Her Campus Logo Her Campus Logo
This article is written by a student writer from the Her Campus at UCD chapter.

Over the break, I took a trip to LA and spontaneously decided to go watch Ip Man 4: The Finale in the theatre. I can honestly say that I am so happy I did. Going into it, I didn’t know what to expect. Unfortunately, it is quite rare for people to be tempted to watch a subtitled movie in the movie theatre, especially when it is a language they are unfamiliar with. People tend to avoid subtitled movies, so I wasn’t expecting there to be a big turnout. When I got there, I was pleasantly surprised! There were a ton of people sitting inside that theatre, and even more surprisingly, many of them were not Chinese. People of all races and cultures had come to watch a Chinese, subtitled movie in the theatre, which reminded me of how important and cool it is to represent all different cultures, languages, and perspectives in the media. 

Image source: Faisal Aljunied

Ip Man was an influential Chinese martial artist and a master of Wing Chun. He taught several students, including Bruce Lee. In Ip Man 4: The Finale Ip Man travels to America, in search of a school for his son. However, once he reaches America, he experiences multiple instances of racism and witnesses discrimination against Chinese people. The audience gets a glimpse into how difficult life was for Chinese immigrants in America in the 1960s; Chinese immigrants experienced racism in school, at work, and even in the military. As demonstrated in the movie, Chinese immigrants often felt that they had to simply “deal with” the racism they were experiencing and were discouraged from fighting back or defending themselves. Despite the hardships they faced, their immense amounts of determination pushed them through. In the film, Ip Man and several other characters demonstrate how Chinese immigrants faced racism and discrimination with strength and courage, while maintaining pride in their culture. 

Image source: wellgousa

What I loved the most about watching the movie was the overwhelming sense of pride I felt in being Chinese. The media doesn’t talk a lot about discrimination against Chinese immigrants in America, and there are very few films that bring this piece of our history into the light. Because this part of our history isn’t portrayed often in the media, not a lot of people know about the hardships that Chinese immigrants faced when they came to America. Ip Man 4 brings this part of our past to our attention, and represents Chinese immgrants in a very positive way by highlighting their strength and their determination. The movie heavily emphasized the courage and the perserverant mindset of the Chinese immigrants of the time. Ip Man fought against and defeated the racist characters, despite the ridicule and insults they threw at him and his culture.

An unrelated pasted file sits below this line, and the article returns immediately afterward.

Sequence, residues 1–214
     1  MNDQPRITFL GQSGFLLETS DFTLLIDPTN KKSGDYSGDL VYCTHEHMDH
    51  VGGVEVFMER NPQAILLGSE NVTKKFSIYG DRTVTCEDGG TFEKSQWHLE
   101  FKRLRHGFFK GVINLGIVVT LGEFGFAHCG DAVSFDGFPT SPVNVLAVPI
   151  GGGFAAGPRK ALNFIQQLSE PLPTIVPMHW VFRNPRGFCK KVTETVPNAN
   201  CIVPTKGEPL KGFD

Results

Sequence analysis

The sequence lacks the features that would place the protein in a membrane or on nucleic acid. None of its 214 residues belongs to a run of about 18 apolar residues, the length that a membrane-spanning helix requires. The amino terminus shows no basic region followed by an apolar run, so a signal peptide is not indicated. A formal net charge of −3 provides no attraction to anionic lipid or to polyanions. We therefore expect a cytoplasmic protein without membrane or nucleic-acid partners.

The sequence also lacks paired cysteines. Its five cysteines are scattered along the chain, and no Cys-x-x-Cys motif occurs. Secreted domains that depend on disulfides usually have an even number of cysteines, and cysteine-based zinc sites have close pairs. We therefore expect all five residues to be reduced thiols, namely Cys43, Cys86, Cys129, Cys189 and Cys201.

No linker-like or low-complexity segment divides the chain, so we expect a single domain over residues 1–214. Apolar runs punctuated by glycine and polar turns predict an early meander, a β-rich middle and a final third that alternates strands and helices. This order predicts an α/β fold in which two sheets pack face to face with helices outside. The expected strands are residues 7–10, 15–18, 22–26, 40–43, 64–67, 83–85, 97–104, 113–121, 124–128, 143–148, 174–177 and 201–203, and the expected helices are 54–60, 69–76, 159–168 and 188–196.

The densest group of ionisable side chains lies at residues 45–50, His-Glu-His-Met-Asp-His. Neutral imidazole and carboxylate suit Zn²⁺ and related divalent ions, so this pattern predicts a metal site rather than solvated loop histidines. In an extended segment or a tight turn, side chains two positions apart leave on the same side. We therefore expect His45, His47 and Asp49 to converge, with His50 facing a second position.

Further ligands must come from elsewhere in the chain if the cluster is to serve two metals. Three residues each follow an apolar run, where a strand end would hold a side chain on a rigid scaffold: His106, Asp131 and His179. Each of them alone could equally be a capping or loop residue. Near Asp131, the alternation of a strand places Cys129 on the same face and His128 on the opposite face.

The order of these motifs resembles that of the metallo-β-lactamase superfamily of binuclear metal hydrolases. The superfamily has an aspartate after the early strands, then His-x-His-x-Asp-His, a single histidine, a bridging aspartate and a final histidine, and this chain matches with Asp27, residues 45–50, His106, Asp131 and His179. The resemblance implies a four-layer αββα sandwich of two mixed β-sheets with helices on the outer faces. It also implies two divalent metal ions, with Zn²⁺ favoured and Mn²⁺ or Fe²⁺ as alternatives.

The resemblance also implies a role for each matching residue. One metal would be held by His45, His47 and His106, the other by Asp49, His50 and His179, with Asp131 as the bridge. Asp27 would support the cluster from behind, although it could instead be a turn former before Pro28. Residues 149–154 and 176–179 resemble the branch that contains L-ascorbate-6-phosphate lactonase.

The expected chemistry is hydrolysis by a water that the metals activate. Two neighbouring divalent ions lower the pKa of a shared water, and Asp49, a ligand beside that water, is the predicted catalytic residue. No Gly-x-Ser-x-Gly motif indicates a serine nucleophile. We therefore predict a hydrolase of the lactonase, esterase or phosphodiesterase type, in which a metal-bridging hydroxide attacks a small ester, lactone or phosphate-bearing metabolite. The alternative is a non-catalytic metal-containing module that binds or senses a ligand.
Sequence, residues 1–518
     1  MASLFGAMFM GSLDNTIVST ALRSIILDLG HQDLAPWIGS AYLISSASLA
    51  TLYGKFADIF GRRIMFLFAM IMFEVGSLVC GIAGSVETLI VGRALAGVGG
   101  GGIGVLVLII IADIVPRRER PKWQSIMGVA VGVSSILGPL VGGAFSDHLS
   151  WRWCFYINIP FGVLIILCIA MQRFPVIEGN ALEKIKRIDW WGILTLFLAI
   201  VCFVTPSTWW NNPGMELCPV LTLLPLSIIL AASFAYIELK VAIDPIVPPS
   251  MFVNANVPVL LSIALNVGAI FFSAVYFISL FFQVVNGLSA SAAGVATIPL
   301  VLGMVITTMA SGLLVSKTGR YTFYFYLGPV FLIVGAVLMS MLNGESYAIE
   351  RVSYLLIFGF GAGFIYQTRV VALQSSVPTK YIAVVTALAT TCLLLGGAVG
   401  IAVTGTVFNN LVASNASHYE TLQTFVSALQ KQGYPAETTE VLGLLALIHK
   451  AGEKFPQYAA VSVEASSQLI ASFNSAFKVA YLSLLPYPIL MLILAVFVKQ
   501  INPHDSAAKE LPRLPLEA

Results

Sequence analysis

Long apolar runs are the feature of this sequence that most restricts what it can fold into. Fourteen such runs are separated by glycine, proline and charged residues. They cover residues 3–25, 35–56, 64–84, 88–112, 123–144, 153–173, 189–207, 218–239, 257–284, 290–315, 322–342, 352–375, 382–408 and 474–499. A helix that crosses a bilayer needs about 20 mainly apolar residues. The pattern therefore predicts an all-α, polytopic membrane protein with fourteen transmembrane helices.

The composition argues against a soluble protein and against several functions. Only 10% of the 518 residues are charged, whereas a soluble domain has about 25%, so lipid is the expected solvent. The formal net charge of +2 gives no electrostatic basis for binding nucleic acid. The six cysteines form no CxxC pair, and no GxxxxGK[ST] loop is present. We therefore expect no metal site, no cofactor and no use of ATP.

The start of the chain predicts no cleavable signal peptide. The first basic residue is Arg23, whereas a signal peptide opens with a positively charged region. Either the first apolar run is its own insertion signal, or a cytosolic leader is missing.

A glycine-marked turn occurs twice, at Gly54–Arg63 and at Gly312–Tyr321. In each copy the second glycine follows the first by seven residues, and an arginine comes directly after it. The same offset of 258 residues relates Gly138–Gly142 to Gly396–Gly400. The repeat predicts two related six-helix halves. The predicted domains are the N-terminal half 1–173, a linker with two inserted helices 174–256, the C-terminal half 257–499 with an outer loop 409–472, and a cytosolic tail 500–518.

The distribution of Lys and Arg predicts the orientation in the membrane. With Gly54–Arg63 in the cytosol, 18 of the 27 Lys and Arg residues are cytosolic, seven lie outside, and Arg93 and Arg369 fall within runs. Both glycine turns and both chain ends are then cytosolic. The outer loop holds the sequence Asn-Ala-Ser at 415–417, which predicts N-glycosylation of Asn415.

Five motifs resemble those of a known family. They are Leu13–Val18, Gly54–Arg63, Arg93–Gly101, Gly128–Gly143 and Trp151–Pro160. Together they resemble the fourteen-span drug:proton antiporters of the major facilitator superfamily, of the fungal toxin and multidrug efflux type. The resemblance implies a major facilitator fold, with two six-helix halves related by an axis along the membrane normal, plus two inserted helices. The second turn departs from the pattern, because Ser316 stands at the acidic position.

Image source: canburak

I think that I had an especially awesome experience watching Ip Man 4 because the other audience members were so engaged in the movie. People shook their heads at racist comments throughout the movie and they cheered when Ip Man won. People cried and laughed, and overall, they overwhelmingly enjoyed the movie. What stood out to me was the fact that they not only enjoyed the plot of the movie, but they understood the difficulties of the Chinese immigrants through the characters and recognized the negative effects of racist comments and actions. The movie was amazing and I highly recommend it to anyone. Kudos to Donnie Yen, Wilson Yip, and the rest of the cast and crew for creating this masterpiece. 

I cannot say this enough: it is so incredibly important that the media is representative of all different cultures, languages, and perspectives. By bringing representation into the media, people of all backgrounds are able to recognize themselves on screen, and others are able to gain a new perspective, helping us understand each other a bit better. People don’t realize the importance of the types of characters represented in the media and the impact that it can have on audience members, but it can truly change how someone looks at themselves as a part of society. I love that media is beginning to include more diverse characters that are of different races, genders, ages, and sexual orientations, but there is still a long way to go. I hope that in the future, media producers and directors choose to include an even greater amount of diverse characters in films, so that everyone can sense a bit of pride in being represented on the big screen.

Hannah is studying Communications and Professional Writing at UC Davis. She is eager to share her experiences and lifestyle tips and tricks to motivate and inspire her peers to lead a healthy, balanced life! In her free time, Hannah enjoys playing with her dog, singing, and grabbing bubble tea with friends!
This is the UCD Contributor page from University of California, Davis!